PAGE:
HarperCollinsWillow, £18.99

Most people don't really know what to make of Chris Eubank. Is he a punch-drunk boxer, a philosopher, or just trying to stay in the public eye after a brilliant and controversial fight career? 'Eubank: The Autobiography' will answer the question for many.

From childhood delinquency in London, Eubank travelled to the top of the boxing world, becoming World Middleweight Champion after defeating Nigel Benn in one of the greatest, and toughest, fights in living memory. The book chronicles his boxing exploits from beginning to end, but there is much more to it than that.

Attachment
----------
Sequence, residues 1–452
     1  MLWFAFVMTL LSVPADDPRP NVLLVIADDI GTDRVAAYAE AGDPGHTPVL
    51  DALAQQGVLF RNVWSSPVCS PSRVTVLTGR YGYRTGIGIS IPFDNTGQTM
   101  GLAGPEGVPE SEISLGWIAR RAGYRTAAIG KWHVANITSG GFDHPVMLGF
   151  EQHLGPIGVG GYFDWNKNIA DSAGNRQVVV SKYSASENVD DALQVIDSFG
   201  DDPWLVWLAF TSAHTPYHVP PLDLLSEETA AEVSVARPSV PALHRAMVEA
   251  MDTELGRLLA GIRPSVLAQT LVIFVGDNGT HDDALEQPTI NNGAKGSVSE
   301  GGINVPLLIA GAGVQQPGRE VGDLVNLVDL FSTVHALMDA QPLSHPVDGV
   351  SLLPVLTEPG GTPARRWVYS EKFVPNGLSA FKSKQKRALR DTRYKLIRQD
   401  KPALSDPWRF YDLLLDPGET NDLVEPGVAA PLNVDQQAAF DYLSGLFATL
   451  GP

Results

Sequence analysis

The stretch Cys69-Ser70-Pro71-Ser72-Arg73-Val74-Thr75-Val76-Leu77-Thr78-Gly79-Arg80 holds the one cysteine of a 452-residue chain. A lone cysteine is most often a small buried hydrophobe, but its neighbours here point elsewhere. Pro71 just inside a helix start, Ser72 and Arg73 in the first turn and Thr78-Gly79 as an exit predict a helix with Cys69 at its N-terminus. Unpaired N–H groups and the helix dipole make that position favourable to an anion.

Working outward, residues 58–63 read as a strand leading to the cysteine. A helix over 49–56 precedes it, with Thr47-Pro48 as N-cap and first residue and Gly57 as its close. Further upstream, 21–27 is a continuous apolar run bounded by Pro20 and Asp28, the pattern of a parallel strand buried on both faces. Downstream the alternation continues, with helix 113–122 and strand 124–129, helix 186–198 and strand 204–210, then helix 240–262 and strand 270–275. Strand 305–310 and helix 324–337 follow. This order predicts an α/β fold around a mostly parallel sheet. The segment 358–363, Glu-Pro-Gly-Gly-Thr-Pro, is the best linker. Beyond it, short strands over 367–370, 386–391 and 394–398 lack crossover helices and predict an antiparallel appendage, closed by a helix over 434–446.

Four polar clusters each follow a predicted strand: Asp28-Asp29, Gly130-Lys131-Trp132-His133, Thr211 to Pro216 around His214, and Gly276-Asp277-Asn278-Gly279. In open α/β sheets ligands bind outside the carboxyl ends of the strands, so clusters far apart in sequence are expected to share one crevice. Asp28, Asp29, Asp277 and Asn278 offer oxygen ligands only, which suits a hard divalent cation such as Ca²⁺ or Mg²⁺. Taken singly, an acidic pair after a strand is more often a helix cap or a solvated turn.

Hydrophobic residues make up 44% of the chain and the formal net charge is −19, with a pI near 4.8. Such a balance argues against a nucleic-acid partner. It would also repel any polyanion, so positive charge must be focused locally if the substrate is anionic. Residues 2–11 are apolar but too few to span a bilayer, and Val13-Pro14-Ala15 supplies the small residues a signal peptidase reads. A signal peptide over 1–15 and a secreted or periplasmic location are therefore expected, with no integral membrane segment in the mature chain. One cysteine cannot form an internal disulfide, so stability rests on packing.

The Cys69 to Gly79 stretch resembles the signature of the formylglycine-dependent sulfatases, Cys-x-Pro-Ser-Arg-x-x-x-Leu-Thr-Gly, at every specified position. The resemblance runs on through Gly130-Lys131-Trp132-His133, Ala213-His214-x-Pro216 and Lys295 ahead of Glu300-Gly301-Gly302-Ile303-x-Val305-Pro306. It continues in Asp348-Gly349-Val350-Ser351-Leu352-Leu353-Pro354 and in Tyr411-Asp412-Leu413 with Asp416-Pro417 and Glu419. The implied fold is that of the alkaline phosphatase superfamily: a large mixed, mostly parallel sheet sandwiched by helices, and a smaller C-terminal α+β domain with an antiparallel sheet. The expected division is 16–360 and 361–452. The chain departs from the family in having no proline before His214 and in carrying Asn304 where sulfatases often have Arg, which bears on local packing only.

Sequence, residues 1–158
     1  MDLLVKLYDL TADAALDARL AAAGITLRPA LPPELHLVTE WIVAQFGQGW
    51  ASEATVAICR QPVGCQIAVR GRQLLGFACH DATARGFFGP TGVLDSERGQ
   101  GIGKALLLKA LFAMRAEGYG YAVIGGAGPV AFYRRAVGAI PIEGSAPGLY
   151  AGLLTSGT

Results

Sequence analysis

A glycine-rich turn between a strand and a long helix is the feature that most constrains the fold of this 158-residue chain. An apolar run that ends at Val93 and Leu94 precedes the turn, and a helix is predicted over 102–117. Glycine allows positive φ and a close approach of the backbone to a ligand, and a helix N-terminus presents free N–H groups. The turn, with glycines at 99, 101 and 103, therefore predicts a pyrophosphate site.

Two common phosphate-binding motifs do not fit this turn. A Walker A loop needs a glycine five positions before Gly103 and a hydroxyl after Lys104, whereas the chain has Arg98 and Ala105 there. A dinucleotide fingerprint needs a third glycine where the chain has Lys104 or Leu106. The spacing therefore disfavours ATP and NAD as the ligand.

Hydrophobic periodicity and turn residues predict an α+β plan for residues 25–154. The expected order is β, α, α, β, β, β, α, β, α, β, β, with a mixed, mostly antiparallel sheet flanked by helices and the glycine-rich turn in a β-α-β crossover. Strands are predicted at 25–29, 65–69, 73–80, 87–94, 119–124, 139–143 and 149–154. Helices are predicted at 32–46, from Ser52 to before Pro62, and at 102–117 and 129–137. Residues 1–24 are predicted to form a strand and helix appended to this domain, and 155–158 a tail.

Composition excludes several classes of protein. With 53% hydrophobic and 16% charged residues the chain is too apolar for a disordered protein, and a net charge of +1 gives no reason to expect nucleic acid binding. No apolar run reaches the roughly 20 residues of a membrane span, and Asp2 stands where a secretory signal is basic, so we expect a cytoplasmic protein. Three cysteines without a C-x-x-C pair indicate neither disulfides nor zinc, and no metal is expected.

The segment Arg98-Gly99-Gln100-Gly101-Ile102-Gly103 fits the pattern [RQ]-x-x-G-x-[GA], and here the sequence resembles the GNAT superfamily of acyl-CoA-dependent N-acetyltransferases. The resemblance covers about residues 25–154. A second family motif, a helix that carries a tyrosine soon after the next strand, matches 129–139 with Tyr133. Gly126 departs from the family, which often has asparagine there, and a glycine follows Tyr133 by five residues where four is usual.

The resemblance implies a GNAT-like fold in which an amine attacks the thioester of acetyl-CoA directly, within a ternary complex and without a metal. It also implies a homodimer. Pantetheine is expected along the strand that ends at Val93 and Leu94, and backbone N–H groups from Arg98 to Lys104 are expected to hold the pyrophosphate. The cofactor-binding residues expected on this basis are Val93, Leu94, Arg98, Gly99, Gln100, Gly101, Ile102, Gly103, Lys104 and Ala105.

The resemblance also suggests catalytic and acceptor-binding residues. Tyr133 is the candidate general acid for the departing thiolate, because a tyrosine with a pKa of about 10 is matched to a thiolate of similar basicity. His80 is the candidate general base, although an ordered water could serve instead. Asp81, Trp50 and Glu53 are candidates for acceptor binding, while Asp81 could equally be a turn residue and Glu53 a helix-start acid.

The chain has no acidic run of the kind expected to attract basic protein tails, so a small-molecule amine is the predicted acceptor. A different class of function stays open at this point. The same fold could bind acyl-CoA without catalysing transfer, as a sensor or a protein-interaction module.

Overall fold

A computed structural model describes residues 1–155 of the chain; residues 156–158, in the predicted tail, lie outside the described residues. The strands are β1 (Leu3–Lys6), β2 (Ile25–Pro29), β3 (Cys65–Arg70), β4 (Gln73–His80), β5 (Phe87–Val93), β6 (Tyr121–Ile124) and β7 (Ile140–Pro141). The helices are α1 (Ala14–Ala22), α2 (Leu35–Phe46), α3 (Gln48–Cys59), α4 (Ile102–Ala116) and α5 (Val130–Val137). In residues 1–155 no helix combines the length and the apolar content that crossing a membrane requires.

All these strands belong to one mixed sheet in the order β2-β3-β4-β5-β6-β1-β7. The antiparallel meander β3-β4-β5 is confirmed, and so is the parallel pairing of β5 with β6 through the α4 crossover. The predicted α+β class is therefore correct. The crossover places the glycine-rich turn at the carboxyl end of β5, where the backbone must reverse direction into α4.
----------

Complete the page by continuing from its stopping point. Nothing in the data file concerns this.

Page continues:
What strikes immediately is Eubank's desire for acceptance and respect but the loneliness and insecurity that he has strived to forget keep cropping up throughout his career and life. The philosophies and opinions that often lead to comical bemusement from the public stem from this desire for acceptance. Eubank can get a bit self-congratulatory on occasion, but is honest throughout, which one does not always find in sportspersons' autobiographies.

Opinions galore, from OJ Simpson to the Marathon/Snickers name change, are expressed, and while the reader cannot agree with them all, they do make a good read. One for the sports fan and the amateur philosopher alike.

Dónal Moriarty